Interview with Senator Scott Ludlam


The Abbott Government’s plan to increase online surveillance has raised concerns relating to online freedom and even freedom of speech. We had a chat to Greens Senator Scott Ludlam who handles the Broadband, Communications & the Digital Economy portfolio, about his thoughts on data retention, freedom of speech and how the world’s current state of unrest may fast track controversial legislation.

So, many Australians are aware that the Coalition Government wants to retain metadata, but to your knowledge, is the government planning to infringe on online freedoms in any other way?

That’s an excellent question. I would say so, but it’s broader than that. I guess there’s an agenda at the moment to basically crack down on civil liberties both on the internet and the offline world.

So, there is a Bill before the parliament next Monday which quite dramatically expands ASIO’s power and potentially criminalises reporting of national security work. Then there is the data retention plan and there is also another plan down the track which, it’s been argued, would reverse the burden of proof for anybody who was returning to Australia from certain parts of the Middle East. They’d effectively have to prove they hadn’t committed a crime.

So there are all those things in the mix and it’s likely that there are other things which the government hasn’t disclosed yet. But data retention is one that we are focusing on very strongly.

Do you think the raised terror threat status is being used as a means to push through this sort surveillance legislation more quickly?

I don’t think there’s any doubt at all. [The public] are seeing hundreds of police, helicopters and  very large scale terror raids in Sydney and  in Brisbane, and you can imagine there will be more in the coming days. This, combined with raising the terror threat, combined with the evidence of unhinged violence perpetuated by Islamic State in Syria and Iraq. I think there’s no doubt that the government is going to use that heightened sense of fear to force through, with very limited debate, lots of legislation. It’s effectively very similar to what happened after 9/11. And once it’s there, once it’s on the statute books, it’s very, very hard to wind back.

Do you think if this sort of legislation passes, it will impact on freedom of speech online?

It’s hard to say and I guess it depends on which bit of the package you focus on.  If you just focus on data retention, studies around the world have shown that people who know they’re under  surveillance will actively self-censor. You live your life in a qualitatively different way if you know you’re being spied upon. So that’s bigger than just freedom of speech obviously, but they’re the sort of impacts that we’re looking at.

As well as individual censorship, do you think these measures will impact on press freedom?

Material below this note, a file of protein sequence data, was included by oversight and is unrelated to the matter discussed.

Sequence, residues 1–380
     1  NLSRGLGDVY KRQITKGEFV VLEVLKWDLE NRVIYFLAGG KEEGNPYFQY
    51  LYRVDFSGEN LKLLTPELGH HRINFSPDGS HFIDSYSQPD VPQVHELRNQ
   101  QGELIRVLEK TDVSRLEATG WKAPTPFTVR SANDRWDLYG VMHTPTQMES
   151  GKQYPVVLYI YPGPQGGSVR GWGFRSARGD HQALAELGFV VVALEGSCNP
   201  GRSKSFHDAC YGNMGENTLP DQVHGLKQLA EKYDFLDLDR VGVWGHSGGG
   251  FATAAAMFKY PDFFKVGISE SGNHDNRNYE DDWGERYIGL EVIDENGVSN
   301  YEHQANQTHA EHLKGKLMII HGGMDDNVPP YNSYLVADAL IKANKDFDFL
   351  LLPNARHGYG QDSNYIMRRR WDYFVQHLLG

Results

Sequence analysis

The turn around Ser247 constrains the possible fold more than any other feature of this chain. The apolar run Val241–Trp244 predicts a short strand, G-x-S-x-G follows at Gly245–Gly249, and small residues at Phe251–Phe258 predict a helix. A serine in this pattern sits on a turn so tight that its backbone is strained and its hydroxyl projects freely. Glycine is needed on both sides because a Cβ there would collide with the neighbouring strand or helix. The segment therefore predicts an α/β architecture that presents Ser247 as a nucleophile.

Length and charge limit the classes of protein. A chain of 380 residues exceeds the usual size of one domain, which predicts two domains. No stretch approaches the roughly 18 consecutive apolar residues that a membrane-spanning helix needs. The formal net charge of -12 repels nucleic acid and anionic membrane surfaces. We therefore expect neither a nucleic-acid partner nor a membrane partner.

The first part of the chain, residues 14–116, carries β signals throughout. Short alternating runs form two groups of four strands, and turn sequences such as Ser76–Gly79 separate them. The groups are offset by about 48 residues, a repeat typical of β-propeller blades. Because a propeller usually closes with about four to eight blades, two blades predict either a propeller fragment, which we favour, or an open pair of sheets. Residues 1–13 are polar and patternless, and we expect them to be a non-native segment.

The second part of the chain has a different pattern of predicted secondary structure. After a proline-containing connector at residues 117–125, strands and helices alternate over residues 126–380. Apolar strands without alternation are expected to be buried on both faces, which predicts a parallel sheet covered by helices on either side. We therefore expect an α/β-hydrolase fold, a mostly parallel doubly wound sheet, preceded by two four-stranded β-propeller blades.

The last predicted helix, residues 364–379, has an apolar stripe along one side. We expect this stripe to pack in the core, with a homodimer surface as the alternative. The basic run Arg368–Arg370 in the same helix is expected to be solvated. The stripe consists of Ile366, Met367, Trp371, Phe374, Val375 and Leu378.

I think there is no doubt that journalism at all scales is threatened, whether you work for a Murdoch media or a blog. That’s principally because with metadata snooping, because it happens without a warrant, you don’t have to justify what you’re up to.

There are dozens and dozens of agencies that can do it at the moment and it effectively circumvents the shield laws that journalists use to protect themselves and their sources. So that’s one example of how this form of surveillance (because it’s warrantless and doesn’t really need to be justified through anybody) is already harming the practice of journalism and public whistleblowing.

Will limiting press freedom and journalistic protection result in Australians becoming uninformed about issues arising in the Middle East?

I really hope not, because there are currents pushing in two directions. One is if you’re in the catchment of the Daily Telegraph and you use that to get your current affairs, just to pick one example, the front pages of that paper are screaming fear and bloodlust to people every single day. And if that’s all you’ve got, if that’s your entire media diet, then that’s pretty scary. 

But of course in the other direction you have this huge diversity of much more thoughtful, considered and constructive, opinion, analysis, and advocacy out there that can kind of balances that unhinged tabloid screaming factor. So it’s up to people to discover that stuff and share it socially online. I think there are plenty of signs of hope because there are so many independent voices out there.

On the topic of free speech, earlier this year the government chose to retain section 18C of the Racial Discrimination Act, do you think this  infringes on free speech?

I kind of don’t buy it. I don’t think it impacts on freedom of speech in the way that we traditionally understand it. The way that the courts have interpreted it thus far is that your speech isn’t free to the extent that it actually harms people.

 I think the existing structure of the law is not perfect by any means. I saw it referred to as an asbestos house; it’s only really dangerous if you start dismantling it, and the unintentional consequences can be quite damaging. I think that in a way this is quite an apt metaphor. It’s not perfect but a lot of the alternatives are worse. As George Brandis found out when he started his defence of bigotry, your unintended consequences can be quite severe.

If you want to know more about Scott Ludlam and the Greens, check them out at-

Or watch him tonight on ABC’s Q and A.